On the surface, supply chain management might not seem like it plays such a crucial role in the healthcare industry’s ability to improve people’s lives but distributing medicine to those who need it is impossible without efficient shipping logistics.
And with the first batch of COVID-19 vaccines projected to be available for public use in the months ahead, supply chains are under renewed focus. As amazing as the work has been to create and verify a viable vaccine, that’s only one aspect of the work involved. “It’s just incredible. I think the vaccine supply chain is one of the most mind-bogglingly complex supply chains ever built,” Johns Hopkins University’s Tinglong Dai, an operations management professor who specializes in healthcare data, recently told USA Today.
Each vaccine candidate requires different storage requirements, and this adds complexity to the delivery process. Here are the solutions that supply chains will be used to meet these demands.
Cold Chain Monitoring to Deliver Medicines and Vaccines
Cold chain management is the process of maintaining the quality of perishable supplies. Examples of perishable products include food, sensitive industrial equipment, and medicines. In the medical supply chain, cold chain tech is indispensable, since certain drugs are ineffective if not stored properly. For example, insulin needs to be stored between 36F and 46F to remain effective.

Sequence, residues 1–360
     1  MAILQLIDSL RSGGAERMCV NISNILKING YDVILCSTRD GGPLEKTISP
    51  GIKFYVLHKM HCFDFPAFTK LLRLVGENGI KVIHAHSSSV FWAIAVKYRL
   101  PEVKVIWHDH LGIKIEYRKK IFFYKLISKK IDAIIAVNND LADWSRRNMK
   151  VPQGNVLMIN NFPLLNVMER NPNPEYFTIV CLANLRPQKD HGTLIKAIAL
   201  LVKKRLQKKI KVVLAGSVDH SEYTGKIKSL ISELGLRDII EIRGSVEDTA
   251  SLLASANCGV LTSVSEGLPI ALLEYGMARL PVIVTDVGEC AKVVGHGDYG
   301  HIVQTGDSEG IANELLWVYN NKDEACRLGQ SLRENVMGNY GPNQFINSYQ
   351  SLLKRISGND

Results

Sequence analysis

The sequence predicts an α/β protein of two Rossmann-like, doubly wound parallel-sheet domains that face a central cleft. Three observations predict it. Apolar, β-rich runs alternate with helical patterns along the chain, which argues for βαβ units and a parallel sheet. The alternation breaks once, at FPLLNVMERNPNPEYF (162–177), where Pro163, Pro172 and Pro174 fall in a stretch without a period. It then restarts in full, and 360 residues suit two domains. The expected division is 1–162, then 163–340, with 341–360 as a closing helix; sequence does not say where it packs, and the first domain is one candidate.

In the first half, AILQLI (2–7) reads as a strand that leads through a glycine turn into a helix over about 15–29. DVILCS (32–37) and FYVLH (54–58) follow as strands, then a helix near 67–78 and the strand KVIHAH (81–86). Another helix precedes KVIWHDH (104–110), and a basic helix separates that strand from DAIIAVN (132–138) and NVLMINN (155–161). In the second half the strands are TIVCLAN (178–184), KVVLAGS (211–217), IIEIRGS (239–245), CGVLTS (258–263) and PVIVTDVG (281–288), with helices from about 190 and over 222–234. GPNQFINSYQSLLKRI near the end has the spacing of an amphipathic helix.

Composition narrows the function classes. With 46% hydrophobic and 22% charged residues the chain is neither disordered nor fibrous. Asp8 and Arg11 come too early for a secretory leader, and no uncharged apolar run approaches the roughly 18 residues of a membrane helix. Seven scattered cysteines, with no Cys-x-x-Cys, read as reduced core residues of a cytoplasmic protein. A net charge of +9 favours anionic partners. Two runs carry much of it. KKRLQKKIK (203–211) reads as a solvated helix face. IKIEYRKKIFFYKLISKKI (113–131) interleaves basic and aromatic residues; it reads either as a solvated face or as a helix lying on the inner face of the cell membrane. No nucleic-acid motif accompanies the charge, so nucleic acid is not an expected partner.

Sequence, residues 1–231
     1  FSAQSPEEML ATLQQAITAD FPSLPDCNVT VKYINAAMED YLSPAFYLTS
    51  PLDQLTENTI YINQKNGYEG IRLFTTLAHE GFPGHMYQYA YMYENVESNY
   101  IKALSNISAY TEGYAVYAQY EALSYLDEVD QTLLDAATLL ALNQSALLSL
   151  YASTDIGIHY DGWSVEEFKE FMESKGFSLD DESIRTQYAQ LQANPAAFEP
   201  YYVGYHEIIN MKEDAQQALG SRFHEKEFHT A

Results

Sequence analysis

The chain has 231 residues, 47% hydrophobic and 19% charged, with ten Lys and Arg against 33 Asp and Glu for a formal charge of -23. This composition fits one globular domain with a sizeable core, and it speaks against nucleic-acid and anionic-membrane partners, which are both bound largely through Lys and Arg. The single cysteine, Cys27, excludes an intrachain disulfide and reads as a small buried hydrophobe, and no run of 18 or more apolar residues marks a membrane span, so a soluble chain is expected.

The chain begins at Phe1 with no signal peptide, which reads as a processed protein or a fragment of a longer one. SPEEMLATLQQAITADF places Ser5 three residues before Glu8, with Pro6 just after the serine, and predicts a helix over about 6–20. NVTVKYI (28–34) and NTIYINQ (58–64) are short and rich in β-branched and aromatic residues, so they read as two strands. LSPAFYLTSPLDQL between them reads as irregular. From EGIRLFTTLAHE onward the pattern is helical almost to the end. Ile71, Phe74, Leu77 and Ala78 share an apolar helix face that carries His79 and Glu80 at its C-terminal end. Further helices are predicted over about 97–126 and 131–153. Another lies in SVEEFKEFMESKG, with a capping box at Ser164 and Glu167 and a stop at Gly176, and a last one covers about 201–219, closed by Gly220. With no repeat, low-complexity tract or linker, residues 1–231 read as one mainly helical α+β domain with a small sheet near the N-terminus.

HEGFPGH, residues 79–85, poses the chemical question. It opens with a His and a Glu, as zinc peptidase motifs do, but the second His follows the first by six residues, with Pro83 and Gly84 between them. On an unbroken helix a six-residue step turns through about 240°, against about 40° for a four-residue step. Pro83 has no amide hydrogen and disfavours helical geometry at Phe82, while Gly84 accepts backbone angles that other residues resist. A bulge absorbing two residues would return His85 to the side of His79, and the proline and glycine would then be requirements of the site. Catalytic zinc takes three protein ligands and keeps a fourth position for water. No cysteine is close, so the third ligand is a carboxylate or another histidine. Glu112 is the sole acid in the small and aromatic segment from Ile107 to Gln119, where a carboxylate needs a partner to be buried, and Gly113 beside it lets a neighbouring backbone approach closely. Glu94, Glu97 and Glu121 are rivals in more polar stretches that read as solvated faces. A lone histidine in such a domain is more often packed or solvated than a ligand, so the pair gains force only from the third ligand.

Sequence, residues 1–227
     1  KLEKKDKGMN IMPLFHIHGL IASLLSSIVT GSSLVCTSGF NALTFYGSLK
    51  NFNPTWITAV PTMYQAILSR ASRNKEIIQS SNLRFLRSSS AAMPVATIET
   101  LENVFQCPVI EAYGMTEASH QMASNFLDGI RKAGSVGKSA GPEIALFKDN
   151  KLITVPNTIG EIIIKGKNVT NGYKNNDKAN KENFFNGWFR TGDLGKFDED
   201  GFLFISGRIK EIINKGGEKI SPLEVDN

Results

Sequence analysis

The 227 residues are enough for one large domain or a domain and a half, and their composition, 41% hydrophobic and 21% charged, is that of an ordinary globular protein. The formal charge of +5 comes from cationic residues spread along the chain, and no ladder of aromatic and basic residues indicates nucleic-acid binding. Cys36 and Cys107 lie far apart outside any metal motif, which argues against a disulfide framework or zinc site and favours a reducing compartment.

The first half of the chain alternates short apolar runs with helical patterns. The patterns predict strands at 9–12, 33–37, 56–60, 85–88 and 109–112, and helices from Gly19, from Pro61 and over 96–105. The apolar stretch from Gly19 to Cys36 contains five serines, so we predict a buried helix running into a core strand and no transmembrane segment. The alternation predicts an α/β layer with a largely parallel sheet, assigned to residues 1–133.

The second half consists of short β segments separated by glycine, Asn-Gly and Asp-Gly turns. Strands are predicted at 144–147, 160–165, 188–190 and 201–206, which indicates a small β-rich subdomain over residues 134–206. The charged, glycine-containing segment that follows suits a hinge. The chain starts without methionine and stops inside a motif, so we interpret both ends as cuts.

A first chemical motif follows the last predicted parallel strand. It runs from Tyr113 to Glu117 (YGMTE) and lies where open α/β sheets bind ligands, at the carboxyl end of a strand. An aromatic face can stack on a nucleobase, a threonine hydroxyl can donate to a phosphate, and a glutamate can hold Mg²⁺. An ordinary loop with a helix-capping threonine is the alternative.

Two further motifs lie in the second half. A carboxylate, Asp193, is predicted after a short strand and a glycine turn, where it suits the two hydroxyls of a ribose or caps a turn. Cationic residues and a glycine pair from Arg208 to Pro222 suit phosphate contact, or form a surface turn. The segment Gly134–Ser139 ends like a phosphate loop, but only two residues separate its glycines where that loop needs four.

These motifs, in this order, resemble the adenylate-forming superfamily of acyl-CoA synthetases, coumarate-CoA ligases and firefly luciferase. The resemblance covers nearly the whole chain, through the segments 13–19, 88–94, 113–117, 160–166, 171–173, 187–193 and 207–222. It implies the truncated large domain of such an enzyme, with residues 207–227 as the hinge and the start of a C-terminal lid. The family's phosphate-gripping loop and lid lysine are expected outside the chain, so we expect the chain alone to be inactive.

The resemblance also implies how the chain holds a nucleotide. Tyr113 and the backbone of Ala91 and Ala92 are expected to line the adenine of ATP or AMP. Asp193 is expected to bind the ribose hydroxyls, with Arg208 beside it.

There are different tools that companies use to implement and supervise the cold chain delivery process. The largest of these are freight vehicles carrying refrigerated containers. Companies can lease these containers fully from transportation firms, or they can rent a portion of them to transport their goods.
Larger firms, as is the case with pharmaceutical companies, generally purchase fleets of trucks and containers for their use to monitor shipments. Sensors monitor the internal temperature of the container and also track other data such as vibration, changes in position, and spillage. These data are transmitted to control rooms that alert the fleet to possible damage.
Data can be captured by data logging software and by indicators on the scene, but transmitting the data back to the control room is a challenging process. Traditionally Radio Frequency Identification (RFID) instruments are used to carry out this process. These days, technology such as Logmore‘s data loggers, which display dynamic QR codes, do the job much more efficiently.
“Damaged vaccines can become ineffective or even harmful to the user. That alone is a big enough reason to make sure that no spoiled products make it to the end-user, whose life might depend on the medication,” Logmore CEO Janne Juhala recently told Tech Bullion.
“In addition to that, all the spoilage really adds up. Unusable products need to be disposed of, which often causes environmental harm. To consider a hard, cold ‘corporate’ worldview, every single mishap with products that led to issues is a hit on customer trust and could even lead to legal repercussions.”
Cold chain tech also comes in smaller sizes. Cooling gel packs, bricks, and bottles store smaller shipments of medicines. These solutions are used for last-mile deliveries. Last-mile refers to the supply of goods from warehouses to a customer’s doorstep. Monitoring the quality of goods throughout the process is essential for successful delivery. Vaccines and medical supplies are usually delivered using thermal boxes. They come as individual boxes or as full-sized carts that can transport supplies.